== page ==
Thursday, January 6, 2011

Jump Out of an Airplane or Check out the NWP – You Choose

writing(I first heard about the National Writing Project on Sioux’s Page. I have her blog in my Google Reader because I enjoy reading what she has to say, so if you get a chance, please check it out. Of course, her comments made me curious about this project and I asked her to write a guest post about it for me. Thank you Sioux!! So here is what she writes…)

Life changing, for sure. Re-energizing. As exhilarating as skydiving, and a heck of a lot less dangerous. That’s what the National Writing Project is…

Ten years ago I took a break from teaching summer school, and applied to be part of the Summer Institute (SI) at one of the Missouri sites (Gateway Writing Project). The Summer Institute is the core of the local National Writing Project programs. It’s an intensive class---lasting between four and five weeks and resulting in 6 graduate credits---but there are no “busywork” projects or never-to-be-used-again article reviews or finals. During that time, you form a community with the other teachers—and they range from elementary to college instructors, from reading teachers to science and math teachers—and you work on your own personal writing. You choose the genre, as you hone your craft in your writing response group. And I promise you: as you become a better writer, you will learn ways to teach your students how to become better thinkers.

Where are these NWP Sites?

There are more than 200 sites. They are always university based. Chances are, there is one close to you.

This Sounds Like Yet Another Program, a Program That Will Disappear When the Pendulum Swings the Other Way…My Plate’s Already Too Full

NWP has been around since 1974, and their headquarters is in Berkeley, California. If you’ve survived “Four Square” and “Power Writing” and all the other writing fads, this is not another program to overwhelm teachers even more. In fact, during your work during the summer, you will find ways to integrate writing into all academic areas, which actually lightens your load.

I Can’t Afford It! I Spend All My Money on Books and String Cheese for My Students (Since Candy is No Longer Allowed in School, and Nothing Says “Festive” Like Some String Cheese)

Some of the programs even make available a stipend, to help cut down on the tuition cost.

I’m Not a Good Writer

Yes, writing is not like math, where there is an answer that is always right and other answers are wrong. You may not be the next Hemingway, but now you know how your students feel. Take a risk right along with them. Try. If you usually write stories, dabble in a bit of free verse poetry. If you expect your students to progress and grow as writers, you need to do the same.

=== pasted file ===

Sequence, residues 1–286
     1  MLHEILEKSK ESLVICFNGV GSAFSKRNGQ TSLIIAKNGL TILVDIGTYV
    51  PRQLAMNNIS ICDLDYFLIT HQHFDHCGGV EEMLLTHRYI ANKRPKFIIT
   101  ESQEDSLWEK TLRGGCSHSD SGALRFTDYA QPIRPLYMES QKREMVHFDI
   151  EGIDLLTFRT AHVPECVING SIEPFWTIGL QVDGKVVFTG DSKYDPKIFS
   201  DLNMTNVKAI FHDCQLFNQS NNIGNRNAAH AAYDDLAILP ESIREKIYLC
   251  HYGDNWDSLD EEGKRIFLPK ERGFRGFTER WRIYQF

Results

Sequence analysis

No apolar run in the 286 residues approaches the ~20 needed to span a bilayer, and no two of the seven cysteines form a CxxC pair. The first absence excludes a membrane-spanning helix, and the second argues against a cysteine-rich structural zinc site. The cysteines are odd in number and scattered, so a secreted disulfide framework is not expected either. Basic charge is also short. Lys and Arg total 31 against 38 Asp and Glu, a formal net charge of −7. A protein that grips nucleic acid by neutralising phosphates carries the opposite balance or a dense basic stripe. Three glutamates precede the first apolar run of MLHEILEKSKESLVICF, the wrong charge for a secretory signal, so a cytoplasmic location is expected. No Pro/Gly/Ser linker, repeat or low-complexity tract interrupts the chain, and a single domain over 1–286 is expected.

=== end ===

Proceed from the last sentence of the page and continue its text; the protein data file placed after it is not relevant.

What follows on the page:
Life Changing? Right! And I Bet You Have a Magic Pill to Sell Me That Makes It So the More Chocolate I Eat, the More Weight I Lose

I began this summer course thinking—as a 3rd grade teacher—that creating webs was the best way to pre-write. What a bunch of hooey! I started discovering what worked for me as a writer, and found there are interesting techniques that work for others. (For example, one member of our group writes with a fountain pen. The audible scratching across the paper is a necessary part of the writing process for him.) I learned countless ways to inspire students, to conference with them, to help them find writerly habits that work for them.

In the ten years since I did the Summer Institute with Gateway (in St. Louis), I have been to national conferences, countless writing retreats and many workshops. I’ve written round-robin limericks on cocktail napkins during writing project get-togethers and laughed until my face hurt. I’ve led workshops at other school districts. I launched a summer creative writing camp for my school district. I just got word that a children’s book of mine has been picked up by a publisher. I’ve made friends and connections all over the country. And I did this all because of the National Writing Project…

If you want more information, go to You won’t regret it.

Posted on the Successful Teaching Blog by loonyhiker (successfulteaching at gmail dot com).

Original image: 'road trip journal' by: Andrew

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